Money

Will Washington’s Elite Shoot the Messenger Before the Economy Shifts?

While there is much ado about the why and how, President Trump’s agenda will be the goose that lays the golden economic egg.

At the end of it all, the bullish case for stocks looks to be standing just fine, based on the assumption that the economy will hit its stride regardless of who is sitting in the White House. If tax reform, health care reform, trade reform, deregulation and infrastructure spending move from the whiteboard to a Congressional vote, economic growth seems assured.

Until then, I would argue we’re still moving down the road of populist change. It will matter little in the big picture how the political circus plays out in Washington, D.C., as to the inertia created when an economy the size of America’s gets up to cruising speed of growing gross domestic product (GDP) at 3.0% or higher.

This is not to take away from the mental jolt President Trump’s agenda has provided business and consumer confidence. Good ideas have a way of becoming grassroots movements that suddenly burst onto the national stage. That reality greatly explains why a guy as divisive as Donald Trump won election on Nov. 8 and now is the sitting president.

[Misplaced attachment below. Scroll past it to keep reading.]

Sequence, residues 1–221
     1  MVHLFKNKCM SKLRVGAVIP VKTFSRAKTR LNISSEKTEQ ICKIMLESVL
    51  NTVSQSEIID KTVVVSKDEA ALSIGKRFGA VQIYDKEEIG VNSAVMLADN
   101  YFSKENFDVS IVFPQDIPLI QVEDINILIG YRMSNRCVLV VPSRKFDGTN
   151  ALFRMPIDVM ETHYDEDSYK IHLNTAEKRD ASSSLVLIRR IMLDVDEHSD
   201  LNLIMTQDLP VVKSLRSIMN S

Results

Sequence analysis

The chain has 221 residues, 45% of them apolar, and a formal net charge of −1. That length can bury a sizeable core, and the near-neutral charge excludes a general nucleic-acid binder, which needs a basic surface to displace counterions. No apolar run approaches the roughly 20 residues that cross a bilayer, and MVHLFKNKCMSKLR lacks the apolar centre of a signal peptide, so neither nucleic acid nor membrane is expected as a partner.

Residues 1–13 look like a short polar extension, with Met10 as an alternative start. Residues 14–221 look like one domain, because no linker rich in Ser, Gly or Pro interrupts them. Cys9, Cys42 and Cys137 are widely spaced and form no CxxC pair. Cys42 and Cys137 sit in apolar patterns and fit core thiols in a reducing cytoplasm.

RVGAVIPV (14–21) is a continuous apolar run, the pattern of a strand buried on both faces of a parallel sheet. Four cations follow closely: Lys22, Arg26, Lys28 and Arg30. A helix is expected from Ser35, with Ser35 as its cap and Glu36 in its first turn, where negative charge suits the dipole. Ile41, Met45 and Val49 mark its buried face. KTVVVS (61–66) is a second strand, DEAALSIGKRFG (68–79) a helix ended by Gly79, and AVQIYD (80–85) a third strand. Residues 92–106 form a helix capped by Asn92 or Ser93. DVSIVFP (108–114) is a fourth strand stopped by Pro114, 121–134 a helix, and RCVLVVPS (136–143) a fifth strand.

The notion of lower taxes, less government intrusion, pro-business initiatives and big-time public works spending targeting job creation has lifted economic sentiment readings to historic highs. While the messenger is mired in a world of political “deep kimchi,” the message is resoundingly popular with the business community and half of the voting population. Take the U.S. economy at a glance for a minute:

The United States is the world’s largest national economy in nominal terms, representing 22% of nominal global GDP and 17% of gross world product (GWP). The U.S. GDP was estimated at $18.56 trillion in 2016, with the U.S. dollar considered the world’s foremost reserve currency. Its seven largest trading partners are Canada, China, Mexico, Japan, Germany, South Korea and the United Kingdom. Americans have the highest average household and employee income among the Organisation for Economic Co-operation and Development (OECD) nations. American essentially has held this ranking since the 1890s. The United States also is the second-largest manufacturer and third-largest producer of oil and natural gas, as well as home to 128 of the world’s 500 largest companies.

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